A little boy selected a skateboard for himself, but was more concerned with getting scarves, hats and gloves for his school’s Christmas drive.
“It’s to help!” he said, as O’Fallon police officer Patrick Derhake escorted him on a shopping excursion Sunday at the O’Fallon Walmart.
During the Christmastime Cops and Kids event, 17 officers, from patrolman to chief, and a police dispatcher, helped bring comfort and joy to dozens of children.
Children, ages 5 to 10 (in kindergarten through third grade), are selected from O’Fallon School District 90 and Central School District 104, based on recommendations from school social workers and counselors.
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Police Sgt. Mike Mojzis chaired the 16th annual event sponsored by the O’Fallon Fraternal Order of Police Lodge 198. He said this year was the largest number helped, thanks to community donations. Last year, 40 children benefited.
“We have a good partnership with the schools. We send permission slips, and the parents return them,” he said.
Each child receives $250 to purchase gifts. Some children chose to spend a portion on gifts for family members.
The officers’ union funds the program, along with community partners, including Walmart, which has participated since it started.
“Every year, we apply for a Walmart grant, and it’s usually for $2,500. Proceeds from our golf tournament are used,” Mojzis said. “We want to get them basics, like clothes, and we always make sure we get some toys.”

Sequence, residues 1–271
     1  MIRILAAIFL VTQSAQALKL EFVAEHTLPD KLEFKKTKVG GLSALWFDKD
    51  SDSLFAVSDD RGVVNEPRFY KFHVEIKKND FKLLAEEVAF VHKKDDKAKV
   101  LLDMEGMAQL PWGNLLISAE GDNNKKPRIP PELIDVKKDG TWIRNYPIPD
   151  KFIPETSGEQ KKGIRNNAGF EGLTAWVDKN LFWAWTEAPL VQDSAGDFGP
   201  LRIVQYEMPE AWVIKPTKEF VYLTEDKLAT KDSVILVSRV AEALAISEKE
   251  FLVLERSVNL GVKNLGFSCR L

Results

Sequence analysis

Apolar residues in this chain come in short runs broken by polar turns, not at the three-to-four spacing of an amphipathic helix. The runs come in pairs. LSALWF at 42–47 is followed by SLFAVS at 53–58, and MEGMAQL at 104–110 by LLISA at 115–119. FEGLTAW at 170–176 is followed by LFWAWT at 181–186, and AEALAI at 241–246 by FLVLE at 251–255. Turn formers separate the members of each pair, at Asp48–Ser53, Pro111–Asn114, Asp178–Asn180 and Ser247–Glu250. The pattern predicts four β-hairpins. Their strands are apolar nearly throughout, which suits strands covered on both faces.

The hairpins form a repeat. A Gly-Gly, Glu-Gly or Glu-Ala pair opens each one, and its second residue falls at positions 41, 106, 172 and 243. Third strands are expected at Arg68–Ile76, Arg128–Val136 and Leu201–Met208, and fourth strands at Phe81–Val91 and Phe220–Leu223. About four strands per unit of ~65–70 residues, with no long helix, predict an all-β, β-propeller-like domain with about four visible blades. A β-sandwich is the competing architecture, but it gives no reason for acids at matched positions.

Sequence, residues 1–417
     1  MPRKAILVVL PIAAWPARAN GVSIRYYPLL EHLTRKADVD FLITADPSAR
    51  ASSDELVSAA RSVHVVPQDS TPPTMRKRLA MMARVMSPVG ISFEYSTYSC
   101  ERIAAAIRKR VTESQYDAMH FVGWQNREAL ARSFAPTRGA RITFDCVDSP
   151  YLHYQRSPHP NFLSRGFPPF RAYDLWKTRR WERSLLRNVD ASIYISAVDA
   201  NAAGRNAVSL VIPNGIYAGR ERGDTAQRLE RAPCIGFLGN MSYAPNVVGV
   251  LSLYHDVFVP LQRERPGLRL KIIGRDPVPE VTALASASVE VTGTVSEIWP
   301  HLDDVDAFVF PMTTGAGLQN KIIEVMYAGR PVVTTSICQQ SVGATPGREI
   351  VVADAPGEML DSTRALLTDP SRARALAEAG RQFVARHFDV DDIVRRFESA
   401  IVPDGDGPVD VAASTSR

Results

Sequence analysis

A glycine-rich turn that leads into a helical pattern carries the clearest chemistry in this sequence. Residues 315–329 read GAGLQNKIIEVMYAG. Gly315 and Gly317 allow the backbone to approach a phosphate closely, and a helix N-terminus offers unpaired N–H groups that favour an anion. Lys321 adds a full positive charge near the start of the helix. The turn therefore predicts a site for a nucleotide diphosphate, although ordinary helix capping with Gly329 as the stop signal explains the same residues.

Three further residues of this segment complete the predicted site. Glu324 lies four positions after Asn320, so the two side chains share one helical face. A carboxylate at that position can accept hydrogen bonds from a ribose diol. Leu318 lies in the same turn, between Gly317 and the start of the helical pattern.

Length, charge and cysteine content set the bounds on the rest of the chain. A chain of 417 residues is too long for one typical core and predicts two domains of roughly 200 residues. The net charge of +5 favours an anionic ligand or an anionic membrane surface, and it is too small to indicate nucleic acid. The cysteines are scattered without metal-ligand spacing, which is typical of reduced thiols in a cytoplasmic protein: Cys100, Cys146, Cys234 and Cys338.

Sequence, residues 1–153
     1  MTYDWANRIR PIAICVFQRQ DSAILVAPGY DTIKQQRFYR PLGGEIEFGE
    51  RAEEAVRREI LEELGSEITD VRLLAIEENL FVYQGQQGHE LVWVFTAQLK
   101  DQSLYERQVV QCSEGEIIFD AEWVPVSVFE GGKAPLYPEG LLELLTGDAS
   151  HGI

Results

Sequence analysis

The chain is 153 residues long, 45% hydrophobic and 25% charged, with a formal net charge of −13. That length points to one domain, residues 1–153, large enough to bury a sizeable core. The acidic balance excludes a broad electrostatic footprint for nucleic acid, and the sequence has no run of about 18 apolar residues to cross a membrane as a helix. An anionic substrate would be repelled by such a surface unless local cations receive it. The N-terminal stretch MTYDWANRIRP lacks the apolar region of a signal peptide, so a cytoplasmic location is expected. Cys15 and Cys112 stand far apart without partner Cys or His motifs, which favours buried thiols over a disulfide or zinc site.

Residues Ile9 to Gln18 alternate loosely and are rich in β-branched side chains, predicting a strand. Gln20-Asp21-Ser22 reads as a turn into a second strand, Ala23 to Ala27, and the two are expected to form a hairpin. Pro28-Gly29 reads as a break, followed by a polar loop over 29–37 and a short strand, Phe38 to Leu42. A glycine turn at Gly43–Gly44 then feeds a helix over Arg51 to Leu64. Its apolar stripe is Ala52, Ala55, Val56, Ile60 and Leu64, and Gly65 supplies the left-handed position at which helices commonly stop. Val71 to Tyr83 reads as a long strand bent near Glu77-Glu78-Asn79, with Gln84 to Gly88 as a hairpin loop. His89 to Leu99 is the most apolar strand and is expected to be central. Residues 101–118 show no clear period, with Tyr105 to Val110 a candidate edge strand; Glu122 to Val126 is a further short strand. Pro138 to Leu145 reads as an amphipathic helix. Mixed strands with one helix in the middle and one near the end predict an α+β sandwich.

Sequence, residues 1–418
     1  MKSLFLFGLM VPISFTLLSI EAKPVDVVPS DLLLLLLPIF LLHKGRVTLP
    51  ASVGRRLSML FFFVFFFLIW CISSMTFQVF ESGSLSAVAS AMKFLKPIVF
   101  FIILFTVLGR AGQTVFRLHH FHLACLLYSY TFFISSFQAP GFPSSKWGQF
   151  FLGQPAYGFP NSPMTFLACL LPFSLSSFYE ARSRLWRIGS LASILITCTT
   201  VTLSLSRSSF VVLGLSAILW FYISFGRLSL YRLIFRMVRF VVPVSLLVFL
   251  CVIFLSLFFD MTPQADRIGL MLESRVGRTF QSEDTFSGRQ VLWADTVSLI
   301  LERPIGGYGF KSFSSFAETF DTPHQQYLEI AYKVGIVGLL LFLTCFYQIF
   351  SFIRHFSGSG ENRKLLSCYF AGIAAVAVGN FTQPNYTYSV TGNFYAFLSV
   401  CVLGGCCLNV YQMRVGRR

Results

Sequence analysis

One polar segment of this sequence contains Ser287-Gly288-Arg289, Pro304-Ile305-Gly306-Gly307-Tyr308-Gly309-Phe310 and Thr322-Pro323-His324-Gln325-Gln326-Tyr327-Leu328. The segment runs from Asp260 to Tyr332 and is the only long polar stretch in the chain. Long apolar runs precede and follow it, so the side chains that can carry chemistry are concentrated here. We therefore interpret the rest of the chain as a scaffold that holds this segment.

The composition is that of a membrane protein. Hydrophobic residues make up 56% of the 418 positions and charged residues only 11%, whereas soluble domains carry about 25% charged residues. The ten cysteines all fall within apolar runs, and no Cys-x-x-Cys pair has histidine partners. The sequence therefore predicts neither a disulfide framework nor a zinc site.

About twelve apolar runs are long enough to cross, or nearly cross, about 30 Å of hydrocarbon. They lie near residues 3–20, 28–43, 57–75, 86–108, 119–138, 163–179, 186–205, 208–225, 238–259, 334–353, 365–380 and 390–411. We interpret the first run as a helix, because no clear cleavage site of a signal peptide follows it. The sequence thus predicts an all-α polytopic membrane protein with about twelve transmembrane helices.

The program has been able to grow because of unsolicited donations.
“A lot of donations have come in, and we didn’t even expect it,” he said, estimating that $12,000 was raised totally.
One patron entered the Walmart doors, came over to Mojzis, handed him money, and took off to shop.
Police Chief Eric Van Hook said he is proud of his team’s community outreach.
“The Cops and Kids event is just one of many that OPD officers and their families give back to the community that is so supportive of them. This day is just one example of how our officers approach their job every day,” he said. “Being able to help families provide a great Christmas for over 40 children is awesome, and the gratitude demonstrated by the families and children is amazing. This is always a special day for all of us.”
Michelle Foster, a police dispatcher, took part for the first time.
“It’s great to see the kids and talk to the parents, especially since I don’t get to see their faces when I’m working,” she said.
Several officers have volunteered every year. This is the third year for Matt Adamson.
“It’s fun. I’ve got kids about the same age. I get to see how happy they are. We have fun with the kids. It’s exciting for them,” Adamson said.
Van Hook and Capt. Kirk Brueggeman were assigned three boys, including a set of twins. The chief looked at the notes, and told the captain, “They need coats.”
While officers pushed carts down near the checkout lanes, a lady in line turned to them with a thumbs up.
“Great job, guys!” she shouted.
Matt Plassman accompanied Myah, 6, who was looking for a FurReal Tiger she wanted. Foster found it while accompanying her shopper.
“This is a great experience, to see the excitement of the kids and to talk to the parents, who are so appreciative,” Plassman said.
Rick Orr, a veteran of 17 years, has participated about eight times.
“It’s great that we can help the kids out, making a good Christmas for their families,” he said.
Jada, 7, who turns 8 in January, couldn’t lift the Barbie Dream Camper, but was jumping for joy.
“That’s all I wanted!” she said.
Derhake said the little boy he helped also picked out a baby doll for his sister.
“It’s my baby sister!” the 6-year-old said with a smile.
“It’s good to go with the kids, especially one who is so selfless. He wants to get things for others and to help people,” said Derhake, who has been doing this for 15 years. One of his first pairings was a girl, Moesha, who is now 15, and still keeps in touch.
“It’s cool, because we have this connection from this program,” he said. “It’s all about building that rapport in the community.”